Why did the European Forum decide to support the project of a theological conference in Rome? Interview with Michael Brinkschroeder (European Forum of LGBT Christian Groups)

By Silvia Lanzi (Progetto Gionata)

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This is an interview to Michael Brinkschroeder the person in charge of the European Forum of LGBT Christian Groups. I asked him what the European Forum is and what it do. Here are his answers.

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What is the European Forum of LGBT Christian Groups? When did it start?

The European Forum of LGBT Christian Groups is an umbrella organisation of 46 member groups. It was initiated in 1982 by the French Catholic priest Emile Letertre. The Forum started only with gay Christian groups. Since the end of the 1990s, lesbian women become very active in the Forum and the name was changed to „lesbian and gay Christian groups.“ Now the European Forum recognizes bisexual and transgender Christians in its name, as well.

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From how many countries are the Member groups?

Currently, the European Forum has members from 22 countries from all over Europe, ranging from Norway to Italy and from Russia to Spain. We also have a member group from Kyrgyzstan.

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It is a non confessional (not necessarily RCC) organization?

The European Forum is an ecumenical network, including Anglicans, Roman Catholics, Lutherans, Reformed, Waldensians, Evangelical, Orthodox, Metropolitan Community Church and ecumenical groups, among others.

 

I imagine that within the EF there are many different spirits – RCC, Anglican and Protestant in general. How do they get along together?

The annual conferences of the European Forum are an impressing experience of diversity and of the spirit of mutual exchange and solidarity. As LGBT people, we all have made the experience of being marginalized in our own Christian tradition. Therefore, we are longing for a place where diversity is estimated, so that we are not only welcoming each other as LGB&T people, but also as belonging to different denominational backgrounds. This year in Tallinn, we had a Catholic pre-conference for the first time.
This disturbed the „traditional“ arrangement of having women’s and men’s pre- his direction is a summer school in Moldova on „Theology, Homosexuality and Human Rights“conferences. I think we have to pay attention for which group it is mostly needed and effective to have special time for their own pre-conference.
The spirit of solidarity can be strongly felt in the long-standing support of LGBT Christian groups from Eastern Europe. Our next activity in t- a training for leaders of LGBT Christian groups from Eastern Europe.
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Why did the EF decide to support the project of a theological conference in Rome ?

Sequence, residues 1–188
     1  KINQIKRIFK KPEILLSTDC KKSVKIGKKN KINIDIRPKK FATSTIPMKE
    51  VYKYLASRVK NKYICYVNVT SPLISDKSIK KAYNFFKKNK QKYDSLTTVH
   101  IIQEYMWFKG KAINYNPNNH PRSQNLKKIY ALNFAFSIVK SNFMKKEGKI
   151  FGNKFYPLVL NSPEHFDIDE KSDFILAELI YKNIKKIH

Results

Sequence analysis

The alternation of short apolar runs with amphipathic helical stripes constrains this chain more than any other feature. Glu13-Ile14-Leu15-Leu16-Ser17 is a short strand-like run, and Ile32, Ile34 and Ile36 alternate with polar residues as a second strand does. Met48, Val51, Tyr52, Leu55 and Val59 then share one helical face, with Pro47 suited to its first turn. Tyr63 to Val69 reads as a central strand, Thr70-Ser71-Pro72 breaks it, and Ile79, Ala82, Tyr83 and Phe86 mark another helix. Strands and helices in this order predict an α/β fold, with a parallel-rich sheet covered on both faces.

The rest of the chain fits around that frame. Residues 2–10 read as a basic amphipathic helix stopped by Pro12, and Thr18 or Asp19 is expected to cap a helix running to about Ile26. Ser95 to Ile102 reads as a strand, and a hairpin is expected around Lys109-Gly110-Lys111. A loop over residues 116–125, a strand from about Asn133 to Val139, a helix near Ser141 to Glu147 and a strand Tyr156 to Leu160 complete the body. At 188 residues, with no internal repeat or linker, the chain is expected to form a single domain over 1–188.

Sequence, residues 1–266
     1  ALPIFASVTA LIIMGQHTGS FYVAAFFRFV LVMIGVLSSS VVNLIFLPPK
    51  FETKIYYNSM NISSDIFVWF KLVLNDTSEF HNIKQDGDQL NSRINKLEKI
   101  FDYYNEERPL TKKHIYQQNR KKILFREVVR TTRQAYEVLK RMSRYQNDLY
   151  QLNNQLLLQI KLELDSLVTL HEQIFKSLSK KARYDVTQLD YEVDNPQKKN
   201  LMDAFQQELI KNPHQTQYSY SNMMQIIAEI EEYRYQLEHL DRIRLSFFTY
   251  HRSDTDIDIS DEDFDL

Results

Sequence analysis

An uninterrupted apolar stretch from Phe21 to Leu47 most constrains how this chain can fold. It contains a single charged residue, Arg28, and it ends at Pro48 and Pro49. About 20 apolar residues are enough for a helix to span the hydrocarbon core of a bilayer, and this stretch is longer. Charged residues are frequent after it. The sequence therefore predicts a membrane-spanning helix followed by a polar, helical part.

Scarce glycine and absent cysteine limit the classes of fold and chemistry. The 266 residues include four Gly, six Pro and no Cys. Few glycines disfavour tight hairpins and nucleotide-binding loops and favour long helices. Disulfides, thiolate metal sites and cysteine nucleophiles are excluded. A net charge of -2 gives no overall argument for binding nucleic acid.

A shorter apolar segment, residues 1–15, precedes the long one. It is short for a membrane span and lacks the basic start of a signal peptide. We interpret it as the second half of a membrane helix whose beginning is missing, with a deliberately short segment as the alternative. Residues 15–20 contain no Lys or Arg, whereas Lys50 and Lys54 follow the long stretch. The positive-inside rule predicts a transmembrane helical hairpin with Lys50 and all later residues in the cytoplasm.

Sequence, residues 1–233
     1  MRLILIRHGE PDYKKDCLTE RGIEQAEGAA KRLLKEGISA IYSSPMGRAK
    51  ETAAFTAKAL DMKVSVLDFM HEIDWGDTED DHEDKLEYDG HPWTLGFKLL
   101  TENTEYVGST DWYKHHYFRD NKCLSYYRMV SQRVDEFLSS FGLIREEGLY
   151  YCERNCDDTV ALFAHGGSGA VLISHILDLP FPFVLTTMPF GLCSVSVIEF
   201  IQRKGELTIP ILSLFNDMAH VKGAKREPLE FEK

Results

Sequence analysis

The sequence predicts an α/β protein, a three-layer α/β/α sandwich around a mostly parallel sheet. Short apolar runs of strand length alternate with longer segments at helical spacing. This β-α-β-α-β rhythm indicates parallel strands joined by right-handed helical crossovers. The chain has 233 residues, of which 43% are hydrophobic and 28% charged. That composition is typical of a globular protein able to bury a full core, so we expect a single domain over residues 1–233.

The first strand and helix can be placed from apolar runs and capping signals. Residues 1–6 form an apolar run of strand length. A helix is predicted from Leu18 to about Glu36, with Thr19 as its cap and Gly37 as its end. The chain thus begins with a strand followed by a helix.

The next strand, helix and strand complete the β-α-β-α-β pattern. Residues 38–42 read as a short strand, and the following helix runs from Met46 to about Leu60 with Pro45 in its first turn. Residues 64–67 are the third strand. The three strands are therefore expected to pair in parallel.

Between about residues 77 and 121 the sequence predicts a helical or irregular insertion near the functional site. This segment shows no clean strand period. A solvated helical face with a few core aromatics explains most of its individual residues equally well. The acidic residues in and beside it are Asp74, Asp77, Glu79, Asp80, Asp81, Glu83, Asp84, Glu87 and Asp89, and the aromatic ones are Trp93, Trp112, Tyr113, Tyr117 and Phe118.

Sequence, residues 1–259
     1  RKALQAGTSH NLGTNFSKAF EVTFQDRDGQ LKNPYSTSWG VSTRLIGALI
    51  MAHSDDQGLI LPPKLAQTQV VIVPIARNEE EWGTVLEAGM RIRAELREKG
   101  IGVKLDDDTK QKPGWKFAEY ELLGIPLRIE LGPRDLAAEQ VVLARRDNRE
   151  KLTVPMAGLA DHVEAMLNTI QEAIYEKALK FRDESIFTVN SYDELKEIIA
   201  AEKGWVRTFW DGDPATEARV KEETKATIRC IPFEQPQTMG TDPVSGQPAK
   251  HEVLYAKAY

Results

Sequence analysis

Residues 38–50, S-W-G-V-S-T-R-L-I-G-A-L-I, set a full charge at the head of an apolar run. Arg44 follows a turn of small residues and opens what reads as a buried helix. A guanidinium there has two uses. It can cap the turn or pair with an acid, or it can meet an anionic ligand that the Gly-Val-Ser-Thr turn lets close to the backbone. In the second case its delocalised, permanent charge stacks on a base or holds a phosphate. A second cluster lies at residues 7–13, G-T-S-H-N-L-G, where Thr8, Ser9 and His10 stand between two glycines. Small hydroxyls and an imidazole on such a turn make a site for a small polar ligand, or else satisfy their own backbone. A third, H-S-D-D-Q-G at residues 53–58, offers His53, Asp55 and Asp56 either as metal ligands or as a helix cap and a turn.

The conference in Rome is an element in our attempt to improve our bridges with possible supporters within the RCC. The plan originated during the pontificate of Benedict XVI. Although there were many liberal and progressive academic theologians, almost nobody dared to talk about LGBT issues, because they feared the repressive apparatus of the Vatican.
Therefore, our original idea was to build better bridges to those theologians and to challenge them to speak at such a conference. But with the change to Pope Francis and the announcement of the Family Synod it was immediately clear, that a new situation had arrived. So we adapted the content of the conference to the pastoral needs of LGBT people.

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Do you think that something is moving within RCC about LGBT issues?

At this moment, there are several movements within the RCC about LGBT issues contradicting each other. On the one hand we have remarkable signals from Pope Francis of reducing the fear to discuss the issue of homosexual people openly. He has transferred the theological debate from the field of moral theology and anthropology to the pastoral field which allows for much more flexibility.
Several Cardinals from Europe published the opinion that gay and lesbian people should be included and welcome in the parishes and also that certain Christian values can be realized in same-sex partnerships.
In countries like Germany, France, Italy and England several bishops have begun to engage in regular dialogue with LGBT people. On the other hand we see an international campaign of right wing Catholics, supported by some national bishops conferences like Poland, Portugal and Slovakia, against the concept of gender.
The Catholic Church in Croatia has supported the public vote to constitutionally define marriage as bond between a man and a woman. In France, the Catholic bishops have triggered the campaign against equal marriage, but lost it and now have to look for new perspectives.

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